[Due to the overwhelming response to our series Hacking the Food System, Food+Tech Connect will be continuing the conversation each Wednesday with a new post from a thought leader in the field. Read past posts exploring how technology, information and data can change the food system status quo and follow along as the conversation continues on Twitter (hashtag #foodtech), or Facebook.]
For many farmers making the transition, direct sales can be a harrowing experience—and the skills that make one a great farmer might not be the same ones that make one a great marketer. There is definitely the feeling that one is building the food system oneself—one sale at a time. Not only do we need to be knowledgeable about meat quality and what goes into butchery, we need to maintain our inventory, communicate it to chefs, butchers and consumers via email or phone calls, keep up with ever-changing regulations, negotiate prices individually with chefs and butchers, and target those who want to buy our meat who live far away in urban areas – all while running a farm. Yes, it is a lot.
Tech could help to mitigate the stress and difficulty that farmers face when “doing it all alone.” A site could help facilitate relationships between buyers and farmers, help farmers with inventory, nurture knowledge that would help farmers make a better quality product and most importantly, help farmers connect with those that are interested in buying their product. What I envision is an active marketplace, but a digital one, where farmers can sell their goods, and buyers can make educated decisions based on transparency and an active social community.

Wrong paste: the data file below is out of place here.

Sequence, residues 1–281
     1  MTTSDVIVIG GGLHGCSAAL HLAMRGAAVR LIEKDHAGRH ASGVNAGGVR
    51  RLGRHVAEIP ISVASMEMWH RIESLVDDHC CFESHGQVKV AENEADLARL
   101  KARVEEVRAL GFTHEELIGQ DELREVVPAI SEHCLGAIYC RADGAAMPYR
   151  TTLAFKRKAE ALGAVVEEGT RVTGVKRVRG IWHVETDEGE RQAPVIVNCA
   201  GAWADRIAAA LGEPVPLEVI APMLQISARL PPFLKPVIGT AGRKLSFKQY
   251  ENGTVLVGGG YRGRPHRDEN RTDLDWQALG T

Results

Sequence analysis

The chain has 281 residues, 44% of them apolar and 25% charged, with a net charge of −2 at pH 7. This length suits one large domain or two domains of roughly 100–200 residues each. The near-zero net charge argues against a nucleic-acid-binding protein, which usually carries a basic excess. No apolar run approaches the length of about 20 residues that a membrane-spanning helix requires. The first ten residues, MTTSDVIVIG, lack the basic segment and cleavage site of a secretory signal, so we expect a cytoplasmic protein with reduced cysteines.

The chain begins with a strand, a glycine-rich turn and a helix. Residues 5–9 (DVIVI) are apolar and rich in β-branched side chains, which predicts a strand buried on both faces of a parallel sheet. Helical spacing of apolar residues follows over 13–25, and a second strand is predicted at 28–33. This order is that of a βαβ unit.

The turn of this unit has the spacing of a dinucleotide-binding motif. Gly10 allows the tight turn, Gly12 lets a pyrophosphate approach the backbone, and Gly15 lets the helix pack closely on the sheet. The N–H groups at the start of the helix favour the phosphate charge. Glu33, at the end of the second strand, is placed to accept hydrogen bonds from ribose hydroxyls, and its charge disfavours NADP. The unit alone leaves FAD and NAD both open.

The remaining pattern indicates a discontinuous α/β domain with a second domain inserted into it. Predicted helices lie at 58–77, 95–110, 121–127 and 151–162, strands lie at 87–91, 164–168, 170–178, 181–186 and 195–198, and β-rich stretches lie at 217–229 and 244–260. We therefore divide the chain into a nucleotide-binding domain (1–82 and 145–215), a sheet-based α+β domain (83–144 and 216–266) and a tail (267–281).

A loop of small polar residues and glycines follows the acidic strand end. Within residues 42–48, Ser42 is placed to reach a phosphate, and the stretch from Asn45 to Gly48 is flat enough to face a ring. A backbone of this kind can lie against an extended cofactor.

A New York Times article on the farmer’s market glut speaks to the need for farmers to access more market channels. Sustainable food needs to be easier – it needs to be easy for the farmer and for the consumer too. I think price is a touchy subject, and many chefs or consumers might think they could not afford local meat; a site could be created where chefs and consumers could view the farms husbandry standards and their price and make a decision before delivery. Technology could help to mitigate the inherent inefficiencies that our farm faces with our meat distribution and marketing giving us fair price and consumers access to high quality, healthy local meat without a lot of hassle.
Seasonality is another issue that has a big impact on local meat. We have pork available all year long but our lamb is very seasonal and our beef can be too. In the Northeast most farmers harvest in the fall, which means many slaughterhouses can be booked well in advance. Thankfully, we have two USDA processors close to us, but the seasonal flux cuts into the profitability of small USDA plants and makes them vulnerable, which in turn makes our farm vulnerable as we depend on our USDA plants. A website that would help to connect farmers to chefs would also help processors because it could spread out the slaughter schedule more evenly throughout the year. Tech could become an invaluable glue in building our food system.
Last year’s meatopia fiasco where few chefs sourced from farmers they knew, speaks to the need to make relationships between farmers, butchers, chefs and distributors easier, more intuitive and less complicated. Tech could do a lot to connect those that are seeking high quality meats—it is all about building powerful tech tools to help connect people who want to help each other.